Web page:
A common frustration of commuters across the world is a lengthy wait only to find that two trains or buses arrive at once.
This is a predicament that the EU can relate to, with a brace of key trade and investment deals finally agreed to at the end of last month, after years of difficult negotiations. It is the politics, rather than the economics, of the agreements that is more fascinating.
The Christmas Eve UK-EU trade deal was, of course, widely anticipated and ultimately secured once British Prime Minister Boris Johnson decided that it was too risky — even for his high-wire style of politics — not to agree to a post-Brexit deal with the EU in the midst of a once-in-a-century pandemic.
Much more of a surprise was the timing of the agreement, subject to ratification by the European Parliament, of the EU-China Comprehensive Agreement on Investment (CAI) on Wednesday which would see European and Chinese firms receive better access to each other’s market.
That deal, discussed since 2014, suddenly developed new momentum around Christmas, despite the wider chill in bilateral relations, post-COVID-19 pandemic, which saw the EU only a few weeks earlier urge a joint initiative with the US to “address the strategic challenge from China’s growing international assertiveness.”
Late December is a peculiar point in the diplomatic calendar for such an unscheduled breakthrough, with no negotiating deadline to force the issue as there was with Brexit. Much of the sudden urgency to move the EU-China deal forward reflects Beijing’s desire to get it over the line before the inauguration of US president-elect Joe Biden.
China’s calculus here is at least two-fold. First, China is acutely aware that the incoming Biden administration has concerns about the CAI. One of Biden’s worries is that some Chinese companies might gain a stronger foothold in Europe by using forced Uighur labor for their products.
The EU is conscious of these US concerns, and Poland suggested delaying action on the deal with China until after consulting the Biden team late this month.
However, most EU states instead choose to take advantage of the political window of opportunity that has, unexpectedly, opened up with Beijing.
A second reason for China to press the CAI is that Europe is becoming an increasingly important foreign policy theater for Beijing. The rising power generally enjoys growing influence across much of the continent from eastern and central Europe, where it regularly holds “17 plus 1” summits, to key western European states like Italy, which in 2019 became the first G7 country to endorse China’s Belt and Road Initiative.
The EU-China breakthrough raises the question of whether there might this year be a significant warming in ties after the chilliness of the past few months.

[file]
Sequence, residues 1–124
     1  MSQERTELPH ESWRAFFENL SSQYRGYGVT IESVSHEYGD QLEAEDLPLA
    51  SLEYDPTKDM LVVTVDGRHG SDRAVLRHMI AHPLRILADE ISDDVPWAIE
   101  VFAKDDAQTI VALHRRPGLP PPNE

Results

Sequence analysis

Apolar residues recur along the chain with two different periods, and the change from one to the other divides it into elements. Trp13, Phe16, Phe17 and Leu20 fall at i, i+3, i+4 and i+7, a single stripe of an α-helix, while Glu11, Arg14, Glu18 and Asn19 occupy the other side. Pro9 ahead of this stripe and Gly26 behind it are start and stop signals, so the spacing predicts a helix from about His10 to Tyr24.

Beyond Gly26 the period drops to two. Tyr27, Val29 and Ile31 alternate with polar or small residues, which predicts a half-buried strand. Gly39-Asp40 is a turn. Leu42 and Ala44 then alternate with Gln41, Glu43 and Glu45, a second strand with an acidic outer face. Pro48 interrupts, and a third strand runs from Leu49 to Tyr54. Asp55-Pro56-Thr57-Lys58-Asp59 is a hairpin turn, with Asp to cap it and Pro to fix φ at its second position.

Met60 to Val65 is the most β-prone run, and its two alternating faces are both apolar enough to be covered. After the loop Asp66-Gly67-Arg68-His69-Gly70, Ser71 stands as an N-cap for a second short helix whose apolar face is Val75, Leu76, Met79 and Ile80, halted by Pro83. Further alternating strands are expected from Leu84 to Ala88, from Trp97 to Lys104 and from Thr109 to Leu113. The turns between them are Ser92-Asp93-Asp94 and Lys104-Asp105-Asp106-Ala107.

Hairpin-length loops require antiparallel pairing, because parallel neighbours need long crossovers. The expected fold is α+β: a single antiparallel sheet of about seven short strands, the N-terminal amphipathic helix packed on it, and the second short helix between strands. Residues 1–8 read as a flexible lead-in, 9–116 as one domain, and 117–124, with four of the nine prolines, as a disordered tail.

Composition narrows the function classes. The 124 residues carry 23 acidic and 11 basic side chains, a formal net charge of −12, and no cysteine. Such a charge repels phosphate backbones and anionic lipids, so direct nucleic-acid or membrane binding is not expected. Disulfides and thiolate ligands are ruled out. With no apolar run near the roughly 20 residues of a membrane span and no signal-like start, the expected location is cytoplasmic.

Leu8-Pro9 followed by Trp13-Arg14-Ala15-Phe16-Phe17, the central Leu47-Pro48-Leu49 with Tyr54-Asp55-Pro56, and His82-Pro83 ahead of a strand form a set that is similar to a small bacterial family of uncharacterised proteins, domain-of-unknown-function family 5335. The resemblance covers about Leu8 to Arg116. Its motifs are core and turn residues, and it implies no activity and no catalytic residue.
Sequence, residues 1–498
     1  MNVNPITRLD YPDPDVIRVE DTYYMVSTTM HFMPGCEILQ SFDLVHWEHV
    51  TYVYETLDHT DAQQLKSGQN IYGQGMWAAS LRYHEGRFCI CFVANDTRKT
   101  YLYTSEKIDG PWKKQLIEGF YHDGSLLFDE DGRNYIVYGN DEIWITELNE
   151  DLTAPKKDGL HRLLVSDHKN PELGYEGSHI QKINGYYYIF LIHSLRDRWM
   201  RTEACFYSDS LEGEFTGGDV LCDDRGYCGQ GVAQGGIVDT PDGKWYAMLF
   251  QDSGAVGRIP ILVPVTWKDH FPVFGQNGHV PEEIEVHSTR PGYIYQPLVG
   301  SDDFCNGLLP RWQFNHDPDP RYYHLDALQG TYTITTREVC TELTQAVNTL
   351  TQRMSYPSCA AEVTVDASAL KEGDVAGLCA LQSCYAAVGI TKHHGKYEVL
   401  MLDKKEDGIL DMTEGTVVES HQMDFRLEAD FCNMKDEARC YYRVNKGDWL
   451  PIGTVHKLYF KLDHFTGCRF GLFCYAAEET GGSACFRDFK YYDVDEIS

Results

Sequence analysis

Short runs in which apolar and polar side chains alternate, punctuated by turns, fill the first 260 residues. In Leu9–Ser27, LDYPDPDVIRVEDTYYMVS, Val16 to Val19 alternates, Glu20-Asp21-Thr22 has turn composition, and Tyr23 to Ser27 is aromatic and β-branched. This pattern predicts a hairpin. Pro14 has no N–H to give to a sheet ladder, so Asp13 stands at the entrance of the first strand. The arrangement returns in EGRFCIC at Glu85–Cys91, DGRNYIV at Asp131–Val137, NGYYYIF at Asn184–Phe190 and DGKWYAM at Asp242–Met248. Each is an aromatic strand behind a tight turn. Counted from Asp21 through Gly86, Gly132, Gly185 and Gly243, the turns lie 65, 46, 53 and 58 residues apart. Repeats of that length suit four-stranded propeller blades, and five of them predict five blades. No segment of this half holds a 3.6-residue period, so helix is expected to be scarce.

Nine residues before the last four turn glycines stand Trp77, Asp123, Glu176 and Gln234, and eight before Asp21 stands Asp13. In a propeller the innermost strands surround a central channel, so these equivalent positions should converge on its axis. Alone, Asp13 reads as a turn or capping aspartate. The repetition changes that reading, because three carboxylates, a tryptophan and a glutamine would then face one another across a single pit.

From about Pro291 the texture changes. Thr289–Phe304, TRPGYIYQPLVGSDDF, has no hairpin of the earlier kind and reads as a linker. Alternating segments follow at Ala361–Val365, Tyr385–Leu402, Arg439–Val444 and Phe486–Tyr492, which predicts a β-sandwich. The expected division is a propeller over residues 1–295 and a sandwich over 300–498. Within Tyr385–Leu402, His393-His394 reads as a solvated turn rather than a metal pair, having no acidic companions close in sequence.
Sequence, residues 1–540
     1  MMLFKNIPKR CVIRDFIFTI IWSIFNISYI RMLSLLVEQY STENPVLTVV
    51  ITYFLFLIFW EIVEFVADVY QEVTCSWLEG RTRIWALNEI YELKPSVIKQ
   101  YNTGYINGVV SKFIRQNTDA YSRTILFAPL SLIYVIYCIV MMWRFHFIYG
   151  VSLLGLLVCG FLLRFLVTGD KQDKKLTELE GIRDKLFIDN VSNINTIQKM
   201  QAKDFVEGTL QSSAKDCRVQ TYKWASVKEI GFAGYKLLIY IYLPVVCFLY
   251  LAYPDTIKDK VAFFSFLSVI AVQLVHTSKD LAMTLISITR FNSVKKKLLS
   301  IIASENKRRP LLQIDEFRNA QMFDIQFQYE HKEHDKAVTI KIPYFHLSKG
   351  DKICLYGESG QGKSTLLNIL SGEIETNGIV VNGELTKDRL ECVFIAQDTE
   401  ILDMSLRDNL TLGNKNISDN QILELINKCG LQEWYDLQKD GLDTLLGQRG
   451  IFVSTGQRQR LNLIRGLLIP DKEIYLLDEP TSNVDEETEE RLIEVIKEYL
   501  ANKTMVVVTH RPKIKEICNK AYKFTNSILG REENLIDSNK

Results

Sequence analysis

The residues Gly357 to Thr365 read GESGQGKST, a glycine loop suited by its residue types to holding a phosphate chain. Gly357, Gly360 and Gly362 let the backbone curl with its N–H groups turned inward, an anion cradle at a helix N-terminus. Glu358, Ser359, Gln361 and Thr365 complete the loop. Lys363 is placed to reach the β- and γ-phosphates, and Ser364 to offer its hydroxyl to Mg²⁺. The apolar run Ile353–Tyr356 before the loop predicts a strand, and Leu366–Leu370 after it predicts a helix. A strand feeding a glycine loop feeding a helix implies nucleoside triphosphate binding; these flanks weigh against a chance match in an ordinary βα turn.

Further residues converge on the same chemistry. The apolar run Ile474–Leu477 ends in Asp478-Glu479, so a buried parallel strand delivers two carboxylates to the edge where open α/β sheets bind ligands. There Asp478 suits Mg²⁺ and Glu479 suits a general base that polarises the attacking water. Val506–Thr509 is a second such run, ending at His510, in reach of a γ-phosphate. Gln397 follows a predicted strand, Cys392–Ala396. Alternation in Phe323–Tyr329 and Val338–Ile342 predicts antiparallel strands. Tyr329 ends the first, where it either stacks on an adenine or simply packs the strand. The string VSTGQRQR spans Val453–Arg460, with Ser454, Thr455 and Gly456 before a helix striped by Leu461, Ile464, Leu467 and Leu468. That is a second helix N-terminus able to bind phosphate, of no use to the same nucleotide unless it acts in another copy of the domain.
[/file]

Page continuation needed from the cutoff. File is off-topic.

While the CAI will likely do much to improve the atmosphere in diplomacy between Brussels and Beijing, it is significantly less likely to promote a fundamental (positive) reset in relations in the coming months for at least three reasons.
First, there are multiple issues clouding the bilateral agenda, at least in the short term. These include the opaque way that Beijing is perceived by Europe to have handled the initial outbreak of COVID-19, the new National Security Law that China imposed on Hong Kong, Uighur human rights abuses and growing pressure on European leaders not to allow Huawei Technology Co to participate in their 5G networks.
Second, the Biden team will likely double down with the EU to try to agree to a more aligned transatlantic approach toward China.
For instance, on Tuesday last week, incoming US national security adviser Jake Sullivan wrote on Twitter that the Biden administration “would welcome early consultations with our European partners on our common concerns about China’s economic practices.”
Third, some Brussels policymakers remain concerned, despite the CAI, about whether China’s external interventions in Europe represent a divide-and-rule strategy to undermine the continent’s collective interests.
EU High Representative for Foreign Affairs and Security Policy Josep Borrell last year even asserted that Beijing is a “systemic rival that seeks to promote an alternative model of governance” to that of Europe.
Rather than seeing a fundamental reset in relations, the CAI is most likely to see the EU continue a constructive engagement approach with China. This will potentially be much more aligned with the US under Biden’s presidency than has been the case under US President Donald Trump.
This EU strategy will likely see differences, diplomatically, called out, while emphasizing areas of perceived common interest, from tackling climate change to promoting an open financial and multilateral trading order.
Brussels asserts that the CAI would help move toward that latter goal of an increasingly transparent economic system.
So, despite post-pandemic tensions, Brussels and Beijing recognize that they potentially still have much to gain from their partnership.
The EU sees the deal with China as part of this long-term approach, and the decision to push forward with it largely reflects China’s calculus that the window for sealing the deal might not remain open indefinitely, especially given the impending Biden presidency which might do much to rejuvenate the transatlantic alliance post-Trump.
Andrew Hammond is an associate at the London School of Economics and Political Sciences’ LSE IDEAS.
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